Double Naught Spy
It is not a "spontaneous discharge" but an accidental discharge due to impact. 1911s have the ability to discharge when dropped unless modified with something like a firing pin safety. Series 80 Colts have this, but the Colt in the incident did not.
The linked article states:
The officer was carrying a model 1991 A-1 compact .45 caliber semiautomatic pistol (Colt's Manufacturing, Hartford, CT).
According to my research the Colt 1991 A-1 has a firing pin block. Colt 1991 A-1 is supposed to be the same as a 1911 series 80 with the only differences being a matte finish and checkered rubber grip panels to save money, so as to able to sell it at a lower price (sort of an economy model).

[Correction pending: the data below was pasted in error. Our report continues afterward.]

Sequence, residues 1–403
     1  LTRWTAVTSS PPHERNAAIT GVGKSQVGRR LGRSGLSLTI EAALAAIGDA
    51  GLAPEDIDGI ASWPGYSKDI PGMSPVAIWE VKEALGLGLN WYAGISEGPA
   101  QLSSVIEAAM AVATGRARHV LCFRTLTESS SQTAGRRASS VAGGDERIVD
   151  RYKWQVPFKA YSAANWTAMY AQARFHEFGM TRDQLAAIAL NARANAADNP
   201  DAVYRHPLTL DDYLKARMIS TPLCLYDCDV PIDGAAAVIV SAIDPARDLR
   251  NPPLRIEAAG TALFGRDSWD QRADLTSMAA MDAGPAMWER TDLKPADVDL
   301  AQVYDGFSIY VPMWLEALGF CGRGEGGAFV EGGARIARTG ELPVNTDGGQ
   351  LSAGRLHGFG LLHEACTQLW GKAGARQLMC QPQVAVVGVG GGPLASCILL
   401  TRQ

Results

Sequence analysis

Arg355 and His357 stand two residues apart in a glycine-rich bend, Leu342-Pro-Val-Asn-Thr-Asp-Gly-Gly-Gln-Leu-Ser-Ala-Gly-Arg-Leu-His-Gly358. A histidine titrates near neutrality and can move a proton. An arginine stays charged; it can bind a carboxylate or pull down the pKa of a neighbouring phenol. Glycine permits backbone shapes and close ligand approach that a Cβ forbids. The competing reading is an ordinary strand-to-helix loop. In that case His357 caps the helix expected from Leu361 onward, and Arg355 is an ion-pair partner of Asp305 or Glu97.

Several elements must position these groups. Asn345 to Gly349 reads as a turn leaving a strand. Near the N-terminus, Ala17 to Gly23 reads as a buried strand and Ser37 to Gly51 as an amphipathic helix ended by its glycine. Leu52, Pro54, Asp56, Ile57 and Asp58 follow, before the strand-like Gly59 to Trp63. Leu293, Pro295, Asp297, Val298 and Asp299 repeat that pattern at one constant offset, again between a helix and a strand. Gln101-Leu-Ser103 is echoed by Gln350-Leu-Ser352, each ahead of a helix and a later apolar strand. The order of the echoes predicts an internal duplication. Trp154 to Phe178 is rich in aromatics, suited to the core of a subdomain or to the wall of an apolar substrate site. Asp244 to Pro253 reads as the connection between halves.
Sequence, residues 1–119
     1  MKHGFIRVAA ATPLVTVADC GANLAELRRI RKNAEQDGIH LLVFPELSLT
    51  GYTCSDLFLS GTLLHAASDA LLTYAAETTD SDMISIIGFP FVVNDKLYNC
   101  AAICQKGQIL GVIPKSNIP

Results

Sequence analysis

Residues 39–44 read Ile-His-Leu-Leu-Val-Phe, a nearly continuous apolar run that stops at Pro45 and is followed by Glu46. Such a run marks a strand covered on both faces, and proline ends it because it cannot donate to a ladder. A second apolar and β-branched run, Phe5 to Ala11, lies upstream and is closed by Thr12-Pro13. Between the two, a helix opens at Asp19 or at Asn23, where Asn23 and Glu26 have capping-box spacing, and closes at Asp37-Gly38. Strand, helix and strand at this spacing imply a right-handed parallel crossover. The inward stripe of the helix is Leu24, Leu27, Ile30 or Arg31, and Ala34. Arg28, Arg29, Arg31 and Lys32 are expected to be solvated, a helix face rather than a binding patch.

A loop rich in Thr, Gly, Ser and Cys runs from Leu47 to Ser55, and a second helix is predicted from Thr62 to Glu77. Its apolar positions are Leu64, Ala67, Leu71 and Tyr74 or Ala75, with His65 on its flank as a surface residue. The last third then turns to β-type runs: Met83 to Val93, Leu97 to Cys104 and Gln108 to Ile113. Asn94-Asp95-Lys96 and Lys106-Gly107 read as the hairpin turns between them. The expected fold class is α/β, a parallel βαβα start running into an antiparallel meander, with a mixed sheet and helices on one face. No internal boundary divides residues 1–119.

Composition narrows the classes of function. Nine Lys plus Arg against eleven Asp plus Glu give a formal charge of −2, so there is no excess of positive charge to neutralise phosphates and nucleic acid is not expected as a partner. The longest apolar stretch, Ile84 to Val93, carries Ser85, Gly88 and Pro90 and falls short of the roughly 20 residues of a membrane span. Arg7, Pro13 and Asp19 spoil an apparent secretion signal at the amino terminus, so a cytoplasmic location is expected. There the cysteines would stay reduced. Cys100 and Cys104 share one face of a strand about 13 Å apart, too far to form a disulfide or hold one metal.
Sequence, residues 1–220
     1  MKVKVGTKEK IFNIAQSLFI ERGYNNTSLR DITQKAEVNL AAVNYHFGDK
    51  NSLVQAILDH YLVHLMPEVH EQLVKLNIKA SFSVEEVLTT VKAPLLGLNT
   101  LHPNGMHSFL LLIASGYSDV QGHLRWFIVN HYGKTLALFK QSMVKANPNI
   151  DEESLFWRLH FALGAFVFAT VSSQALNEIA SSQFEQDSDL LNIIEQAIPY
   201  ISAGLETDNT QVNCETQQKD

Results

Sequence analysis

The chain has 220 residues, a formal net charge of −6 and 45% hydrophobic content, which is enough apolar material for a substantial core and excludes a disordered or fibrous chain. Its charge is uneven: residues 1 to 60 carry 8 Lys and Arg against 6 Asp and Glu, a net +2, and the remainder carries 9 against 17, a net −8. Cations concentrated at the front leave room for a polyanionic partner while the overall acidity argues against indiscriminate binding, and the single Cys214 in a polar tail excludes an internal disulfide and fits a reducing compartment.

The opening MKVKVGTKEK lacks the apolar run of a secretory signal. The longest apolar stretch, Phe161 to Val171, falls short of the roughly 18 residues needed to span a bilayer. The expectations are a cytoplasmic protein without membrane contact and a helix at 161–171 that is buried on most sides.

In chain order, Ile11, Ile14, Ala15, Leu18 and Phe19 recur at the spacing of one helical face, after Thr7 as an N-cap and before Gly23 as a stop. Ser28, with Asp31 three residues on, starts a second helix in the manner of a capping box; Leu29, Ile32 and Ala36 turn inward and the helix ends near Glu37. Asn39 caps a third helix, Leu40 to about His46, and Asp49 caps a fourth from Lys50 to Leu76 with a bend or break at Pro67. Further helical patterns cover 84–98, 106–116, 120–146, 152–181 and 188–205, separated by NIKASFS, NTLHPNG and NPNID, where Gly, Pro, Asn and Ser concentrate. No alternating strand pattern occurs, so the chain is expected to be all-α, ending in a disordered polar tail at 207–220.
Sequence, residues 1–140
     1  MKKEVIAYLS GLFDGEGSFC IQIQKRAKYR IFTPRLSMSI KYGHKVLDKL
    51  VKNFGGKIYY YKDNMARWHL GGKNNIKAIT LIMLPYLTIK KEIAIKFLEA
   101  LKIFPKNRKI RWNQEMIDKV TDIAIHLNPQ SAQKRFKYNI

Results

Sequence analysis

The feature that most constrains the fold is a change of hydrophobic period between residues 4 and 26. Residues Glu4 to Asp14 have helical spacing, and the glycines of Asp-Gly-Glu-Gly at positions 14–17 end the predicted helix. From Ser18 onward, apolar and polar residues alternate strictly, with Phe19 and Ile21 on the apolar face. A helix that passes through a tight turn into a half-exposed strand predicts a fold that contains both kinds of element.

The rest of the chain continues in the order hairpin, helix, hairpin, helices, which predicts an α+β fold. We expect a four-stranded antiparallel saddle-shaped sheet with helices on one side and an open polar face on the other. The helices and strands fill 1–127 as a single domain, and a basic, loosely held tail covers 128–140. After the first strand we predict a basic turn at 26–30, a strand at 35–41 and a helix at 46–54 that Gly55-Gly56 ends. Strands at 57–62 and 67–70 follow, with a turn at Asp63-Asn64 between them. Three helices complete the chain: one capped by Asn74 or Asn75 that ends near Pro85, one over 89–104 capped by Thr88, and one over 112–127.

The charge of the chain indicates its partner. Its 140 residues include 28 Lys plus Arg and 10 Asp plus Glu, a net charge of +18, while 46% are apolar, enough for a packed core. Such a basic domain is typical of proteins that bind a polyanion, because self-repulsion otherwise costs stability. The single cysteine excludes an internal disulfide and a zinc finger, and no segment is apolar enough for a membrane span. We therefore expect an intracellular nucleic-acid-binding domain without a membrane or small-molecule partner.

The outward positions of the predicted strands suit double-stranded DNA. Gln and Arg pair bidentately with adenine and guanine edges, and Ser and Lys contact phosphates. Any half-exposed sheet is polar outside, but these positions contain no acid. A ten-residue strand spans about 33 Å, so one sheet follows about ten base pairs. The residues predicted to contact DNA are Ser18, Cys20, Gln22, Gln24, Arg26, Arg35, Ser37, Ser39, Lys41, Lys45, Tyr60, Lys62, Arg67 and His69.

The writer of the article contends that the strong magnetic field produced by the MRI presents a unique environment which seems to have moved the firing pin safety into a position which allowed the firing pin to impact the chambered cartridge's primer. The force of impact of the holstered 1991 seems to have been sufficient to create enough inertia for the firing pin to strike the prime hard enough to detonate it.
If the facts of the incident are accurate, I'd say that using either term "spontaneous discharge" or "accidental discharge" would be correct.
NRA Life Member - Orange Gunsite Member - NRA Certified Pistol Instructor
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